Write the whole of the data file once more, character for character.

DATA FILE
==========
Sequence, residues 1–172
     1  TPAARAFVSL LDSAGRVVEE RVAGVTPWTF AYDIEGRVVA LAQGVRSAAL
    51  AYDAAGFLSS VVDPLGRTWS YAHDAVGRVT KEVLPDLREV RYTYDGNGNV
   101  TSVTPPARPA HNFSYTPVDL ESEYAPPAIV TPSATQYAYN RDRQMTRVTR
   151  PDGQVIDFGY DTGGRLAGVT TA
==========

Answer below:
Sequence, residues 1–172
     1  TPAARAFVSL LDSAGRVVEE RVAGVTPWTF AYDIEGRVVA LAQGVRSAAL
    51  AYDAAGFLSS VVDPLGRTWS YAHDAVGRVT KEVLPDLREV RYTYDGNGNV
   101  TSVTPPARPA HNFSYTPVDL ESEYAPPAIV TPSATQYAYN RDRQMTRVTR
   151  PDGQVIDFGY DTGGRLAGVT TA